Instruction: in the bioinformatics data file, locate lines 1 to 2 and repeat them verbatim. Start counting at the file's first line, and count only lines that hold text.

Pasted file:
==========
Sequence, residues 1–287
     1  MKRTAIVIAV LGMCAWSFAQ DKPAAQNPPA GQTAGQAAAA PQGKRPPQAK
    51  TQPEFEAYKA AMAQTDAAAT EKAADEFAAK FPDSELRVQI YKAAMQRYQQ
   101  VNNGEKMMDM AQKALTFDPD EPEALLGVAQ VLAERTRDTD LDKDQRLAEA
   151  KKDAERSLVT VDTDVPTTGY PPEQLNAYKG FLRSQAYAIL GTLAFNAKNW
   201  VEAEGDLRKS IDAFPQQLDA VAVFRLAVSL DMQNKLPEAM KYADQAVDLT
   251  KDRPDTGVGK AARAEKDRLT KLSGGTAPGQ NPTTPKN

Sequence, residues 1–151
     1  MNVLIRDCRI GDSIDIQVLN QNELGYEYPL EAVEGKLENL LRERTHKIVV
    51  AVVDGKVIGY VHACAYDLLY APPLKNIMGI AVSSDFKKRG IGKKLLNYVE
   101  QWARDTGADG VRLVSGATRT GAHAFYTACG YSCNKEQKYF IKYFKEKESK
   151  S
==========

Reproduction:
Sequence, residues 1–287
     1  MKRTAIVIAV LGMCAWSFAQ DKPAAQNPPA GQTAGQAAAA PQGKRPPQAK